Description: During FY 1994, three multiport wells were installed in Waste Area Grouping (WAG) 5. The wells were instrumented with Westbay multiport systems. The purpose of the wells is (1) to characterize different flow systems and (2) to monitor for contaminants. The geology of the individual boreholes (WAG 5-12, WAG 5-13, WAG 5-14) is documented in Bechtel National, Inc., (BNI) et al. (1994). The Bechtel report does not explicitly show geologic relationships between these boreholes or integrate this information into the geology of WAG 5. The purpose of this report is to document and present a summary of the distribution of geologic formations in WAG 5. This information is presented in several ways: (1) stratigraphic correlation diagrams based on the natural gamma ray log, (2) geologic cross sections, and (3) a geologic map. This work provides a reference frame for interpreting flow, water, and contaminant chemistry data from multiport wells.
Date: August 1, 1996
Creator: Anderson, J.E.
Partner: UNT Libraries Government Documents Department

Report of testing and sampling of municipal supply well PM-4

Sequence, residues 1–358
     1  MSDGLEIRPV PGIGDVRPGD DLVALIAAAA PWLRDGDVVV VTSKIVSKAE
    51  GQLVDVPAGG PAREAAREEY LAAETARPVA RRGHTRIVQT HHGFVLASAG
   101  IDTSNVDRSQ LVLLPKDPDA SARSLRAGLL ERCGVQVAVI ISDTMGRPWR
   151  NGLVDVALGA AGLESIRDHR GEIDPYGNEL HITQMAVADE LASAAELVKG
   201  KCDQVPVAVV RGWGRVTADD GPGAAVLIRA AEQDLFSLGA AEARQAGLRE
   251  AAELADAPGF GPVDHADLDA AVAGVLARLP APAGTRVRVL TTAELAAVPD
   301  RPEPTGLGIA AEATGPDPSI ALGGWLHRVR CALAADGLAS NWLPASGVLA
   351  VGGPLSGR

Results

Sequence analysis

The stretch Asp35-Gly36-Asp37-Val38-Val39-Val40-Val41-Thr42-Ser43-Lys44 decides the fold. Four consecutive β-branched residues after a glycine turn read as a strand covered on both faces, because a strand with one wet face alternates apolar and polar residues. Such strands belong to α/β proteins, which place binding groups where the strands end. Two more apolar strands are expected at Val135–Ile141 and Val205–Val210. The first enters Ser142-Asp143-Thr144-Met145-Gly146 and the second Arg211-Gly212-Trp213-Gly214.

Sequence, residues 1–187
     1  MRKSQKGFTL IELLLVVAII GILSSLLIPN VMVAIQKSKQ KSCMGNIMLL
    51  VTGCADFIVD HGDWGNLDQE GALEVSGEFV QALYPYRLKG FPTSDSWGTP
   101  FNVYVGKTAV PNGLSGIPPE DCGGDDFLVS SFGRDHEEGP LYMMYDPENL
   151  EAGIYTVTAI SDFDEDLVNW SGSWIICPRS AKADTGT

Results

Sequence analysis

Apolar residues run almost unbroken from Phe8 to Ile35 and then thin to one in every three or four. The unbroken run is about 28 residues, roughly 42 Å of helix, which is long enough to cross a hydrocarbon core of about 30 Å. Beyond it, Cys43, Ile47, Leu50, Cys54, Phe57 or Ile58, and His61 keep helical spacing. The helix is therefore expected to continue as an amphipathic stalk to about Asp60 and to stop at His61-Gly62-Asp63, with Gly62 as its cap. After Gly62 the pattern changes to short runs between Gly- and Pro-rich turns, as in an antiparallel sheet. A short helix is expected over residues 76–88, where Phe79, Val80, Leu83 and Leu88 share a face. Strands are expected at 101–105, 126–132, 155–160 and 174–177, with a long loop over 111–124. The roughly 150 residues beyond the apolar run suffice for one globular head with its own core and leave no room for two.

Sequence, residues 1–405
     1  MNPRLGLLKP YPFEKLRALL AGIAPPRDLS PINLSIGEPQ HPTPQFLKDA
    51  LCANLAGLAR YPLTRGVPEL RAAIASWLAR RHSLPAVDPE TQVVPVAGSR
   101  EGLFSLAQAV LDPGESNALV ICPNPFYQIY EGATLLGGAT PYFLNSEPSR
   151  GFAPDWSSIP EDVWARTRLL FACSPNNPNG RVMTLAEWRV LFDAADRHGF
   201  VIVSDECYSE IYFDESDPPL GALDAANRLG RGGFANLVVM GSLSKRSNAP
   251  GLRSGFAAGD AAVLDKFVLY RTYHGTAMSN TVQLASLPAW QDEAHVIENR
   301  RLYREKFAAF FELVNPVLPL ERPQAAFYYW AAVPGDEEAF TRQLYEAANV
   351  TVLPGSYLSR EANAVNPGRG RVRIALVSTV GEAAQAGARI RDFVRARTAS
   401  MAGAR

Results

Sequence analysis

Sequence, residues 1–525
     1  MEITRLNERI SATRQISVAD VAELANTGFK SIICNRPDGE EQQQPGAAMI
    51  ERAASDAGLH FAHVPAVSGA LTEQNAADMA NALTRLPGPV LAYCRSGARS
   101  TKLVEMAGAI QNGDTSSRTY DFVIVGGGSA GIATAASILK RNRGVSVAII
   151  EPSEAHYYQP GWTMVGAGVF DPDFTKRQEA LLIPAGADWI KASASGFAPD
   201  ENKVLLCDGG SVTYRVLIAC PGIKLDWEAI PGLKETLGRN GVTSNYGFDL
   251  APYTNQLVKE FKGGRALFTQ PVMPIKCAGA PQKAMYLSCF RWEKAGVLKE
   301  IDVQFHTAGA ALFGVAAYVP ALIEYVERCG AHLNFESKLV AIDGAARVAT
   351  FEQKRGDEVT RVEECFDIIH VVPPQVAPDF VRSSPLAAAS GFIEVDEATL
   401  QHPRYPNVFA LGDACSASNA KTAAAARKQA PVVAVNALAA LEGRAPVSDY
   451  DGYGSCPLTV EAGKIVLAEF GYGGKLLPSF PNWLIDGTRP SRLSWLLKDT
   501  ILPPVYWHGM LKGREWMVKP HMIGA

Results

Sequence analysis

Description: During drilling of regional aquifer characterization borehole R-25, located in the western part of Los Alamos National Laboratory (LANL) at Technical Area (TA) 16, groundwater samples were collected from perched zones of saturation and the regional aquifer that contained elevated levels of high explosive (HE) compounds. One of the nearest Los Alamos County municipal supply wells potentially located down gradient from borehole R-25 is PM-4, located on Mesita del Buey at the west end of TA-54. During the winter of 1998 and 1999 the pump in PM-4 had been removed from the well for scheduled maintenance by the Los Alamos County Public Utilities Department (PUD). Because the pump was removed from PM-4, the opportunity existed to enter the well to (1) perform tests to determine where within the regional aquifer groundwater entered the well and (2) collect groundwater samples from the producing zones for analyses to determine if HE contaminants were present in discrete zones within the regional aquifer. The report of the activities that were performed during March 1999 for the testing and sampling of municipal supply well PM-4 is provided. The report provides a description of the field activities associated with the two phases of the project, including (1) the results of the static and dynamic spinner log surveys, and (2) a description of the sampling activities and the field-measured groundwater quality parameters that were obtained during sampling activities. This report also provides the analytical results of the groundwater samples and a brief discussion of the results of the project.